The Mediterranean Graveyard


On Sunday April 19th, 700 refugees drowned in the Mediterranean as a 20-meter vessel capsized. So far, in 2015 alone, there has been a confirmed 1,500 deaths at sea. In 2014, more than 3,000 refugees perished in the Mediterranean. The passage has become a graveyard – a humanitarian disaster. According to the 1951 Convention on the Status of Refugees, there is an obligation on states to protect and assist refugees who reach their territory. These principles however have been neglected by EU member states, resulting in thousands of deaths at sea. Over the past few years, due to persecution and war, a vast number of refugees from Syria, Libya, Somalia, and other war torn regions of Africa and the Middle East, have sought safe haven in Europe. By doing so, many have precariously boarded questionable boats to cross the Mediterranean for a second chance, and many have failed.

The EU border agency, Frontex, initially had a program by the name of Mare Nostrum in Italy that was in charge of border controls and had saved at least 100,000 lives at sea. In October of 2014, Frontex began to scrap the search and rescue operation to replace it with Triton, a project operating on a budget that is less than a third of its predecessor and only searching 30 kilometers off the coast of Italy. The result of a less rigorous search effort and the increased conflict on the opposite side of the sea is a far greater loss of life per year. Triton is an example of EU’s lack of funding and humanitarian commitment to take in the influx of refugees.

The problem stems from a lack of international responsibility, a lack of proper funding for the search and rescue operations and a lack of space within European states to hold refugees. Southern European nations are most affected by the refugee crisis, such as Italy. Italy has consistently asked for more assistance from other European states to divide and take responsibility for refugees who reach their shores. Anti-immigrant parties claim that projects, such as Mare Nostrum, have led to an increase in human trafficking and have seen it as a “taxi service for migrants.”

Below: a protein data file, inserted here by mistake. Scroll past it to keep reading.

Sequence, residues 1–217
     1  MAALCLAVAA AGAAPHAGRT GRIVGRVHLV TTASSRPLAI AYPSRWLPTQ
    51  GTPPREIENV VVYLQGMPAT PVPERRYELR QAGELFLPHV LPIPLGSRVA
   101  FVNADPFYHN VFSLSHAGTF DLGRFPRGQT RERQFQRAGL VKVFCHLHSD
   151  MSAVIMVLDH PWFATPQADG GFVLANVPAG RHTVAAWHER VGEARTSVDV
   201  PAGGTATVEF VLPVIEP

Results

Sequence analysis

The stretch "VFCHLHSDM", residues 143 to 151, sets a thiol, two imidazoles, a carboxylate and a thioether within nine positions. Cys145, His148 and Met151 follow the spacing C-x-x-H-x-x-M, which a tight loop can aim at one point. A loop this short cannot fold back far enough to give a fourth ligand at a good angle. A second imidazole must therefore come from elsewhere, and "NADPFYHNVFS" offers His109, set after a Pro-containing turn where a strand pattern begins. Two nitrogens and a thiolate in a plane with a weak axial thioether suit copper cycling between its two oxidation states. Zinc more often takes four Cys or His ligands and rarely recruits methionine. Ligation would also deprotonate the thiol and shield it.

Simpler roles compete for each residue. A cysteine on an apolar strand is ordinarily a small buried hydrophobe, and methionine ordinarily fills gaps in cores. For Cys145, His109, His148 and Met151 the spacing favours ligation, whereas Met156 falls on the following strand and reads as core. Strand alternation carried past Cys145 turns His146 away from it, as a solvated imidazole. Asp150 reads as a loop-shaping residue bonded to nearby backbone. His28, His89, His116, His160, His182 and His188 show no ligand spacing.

How can a peaceful and tolerant solution be found? It can be said with confidence that no one will leave their homes and cross a sea simply for benefits. The push factors for people living in Libya, Syria, Somalia, or Eritrea etc. are just too high to be dismissed. Peaceful international aid or intervention to help these nations on their own terms is one important step to lowering the number of people fleeing from their homes. If they feel safe, if there is a future for their families, they are less likely to cross the sea to Europe. This effort must be taken simultaneously, as a collective International responsibility should be taken up to organize the refugee influx. All nations must step in and play host so as to not burden one sole state with the rapid increase of population. A battle for peace, democracy and prosperity is not a single state effort; it is an international effort, a fight for humanity and a fight for peace.

Aishwarya Sahai

Partnership Director at The Organization for World Peace, Aishwarya completed her BA at the University of Toronto in Political Science and History. She is currently a Research Analyst with the NATO Association of Canada and will be continuing her
education with a Masters in International Conflict and Security in Brussels this Fall.

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About Aishwarya Sahai

Partnership Director at The Organization for World Peace, Aishwarya completed her BA at the University of Toronto in Political Science and History. She is currently a Research Analyst with the NATO Association of Canada and will be continuing her education with a Masters in International Conflict and Security in Brussels this Fall.